On May 7, 2021, a cyberattack forced Colonial Pipeline, one of the United States’ largest oil pipelines, to close its operations and freeze its IT systems. Due to the attack, gas prices rose to their highest levels in three years. This led to consumers panic-buying gasoline (some even in plastic bags) and gas stations running out of fuel. Eventually, Colonial Pipeline paid a $4.4 million ransom to the hacker group Darkside, to end the attack and continue operations.

If the Colonial Pipeline hack has taught us anything, it is that every business should have a cybersecurity program in place in case of a breach. Not only is it good business practice, but if your business collects information from New York residents, then it is probably required by law to enact a cybersecurity program. New York’s Stop Hacks and Improve Electronic Data Security Act (“SHIELD Act” or “Act”) went into effect in March of 2020 and has major implications for businesses big and small.

The jurisdiction of the SHIELD Act is intentionally broad. The SHIELD Act does not apply just to New York businesses, but to every business that collects data from New York residents. The SHIELD Act requires that “any person or business that owns or licenses computerized data which includes private information of a resident of New York shall develop, implement and maintain reasonable safeguards to protect the security, confidentiality and integrity of the private information including, but not limited to, disposal of data.” But what safeguards are considered reasonable?

Although the Act does not mandate specific safeguards to be in the cybersecurity plan, it does provide some safeguards that are presumptively “reasonable.” A business should, at minimum, consider implementing the following administrative, technical, and physical safeguards.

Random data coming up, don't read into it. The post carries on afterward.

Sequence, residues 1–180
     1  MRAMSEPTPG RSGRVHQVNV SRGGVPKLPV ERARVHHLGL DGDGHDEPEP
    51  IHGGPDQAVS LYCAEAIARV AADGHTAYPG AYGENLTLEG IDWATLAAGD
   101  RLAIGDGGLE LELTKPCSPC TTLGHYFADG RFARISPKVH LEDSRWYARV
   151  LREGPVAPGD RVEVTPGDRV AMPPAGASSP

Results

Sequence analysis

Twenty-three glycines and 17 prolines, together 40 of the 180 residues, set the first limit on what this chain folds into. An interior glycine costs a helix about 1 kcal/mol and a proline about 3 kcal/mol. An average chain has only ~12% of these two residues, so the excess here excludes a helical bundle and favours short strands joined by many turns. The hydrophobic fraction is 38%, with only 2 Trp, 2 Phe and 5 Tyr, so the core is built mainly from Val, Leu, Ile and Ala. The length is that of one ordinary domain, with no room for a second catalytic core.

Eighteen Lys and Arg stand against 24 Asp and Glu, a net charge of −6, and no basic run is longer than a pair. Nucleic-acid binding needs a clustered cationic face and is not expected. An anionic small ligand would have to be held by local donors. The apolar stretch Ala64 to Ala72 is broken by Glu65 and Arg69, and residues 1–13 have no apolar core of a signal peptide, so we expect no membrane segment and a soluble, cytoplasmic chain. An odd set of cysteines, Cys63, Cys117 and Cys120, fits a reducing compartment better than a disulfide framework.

Reasonable Administrative Safeguards

Administrative safeguards are centered around procedures and maintenance of the later discussed technical and physical safeguards. These ensure that businesses have policies in place to protect the private information they collect. All safeguards should be continually monitored and adjusted to fit the needs of the business’s activities and the sensitivity of the private information being collected. The Act suggests that inclusion of the following administrative safeguards in a security program is reasonable, in which a business:

  • Designates one or more employees to coordinate the security program;
  • Identifies reasonably foreseeable internal and external risks;
  • Assesses the sufficiency of safeguards in place to control the identified risks;
  • Trains and manages employees in the security program practices and procedures;
  • Selects service providers capable of maintaining appropriate safeguards, and requires those safeguards by contract; and
  • Adjusts the security program in lsight of business changes or new circumstances.

Reasonable Technical Safeguards

Technical safeguards relate to the technology and software a business uses to store and process the private information it collects. These safeguards make sure that such private information is not easily accessible by an unauthorized user. Inclusion of the following technical safeguards in a security program is reasonable, in which a business:

  • Assesses risks in network and software design;
  • Assesses risks in information processing, transmission, and storage;
  • Detects, prevents, and responds to attacks or system failures; and
  • Regularly tests and monitors the effectiveness of key controls, systems, and procedures.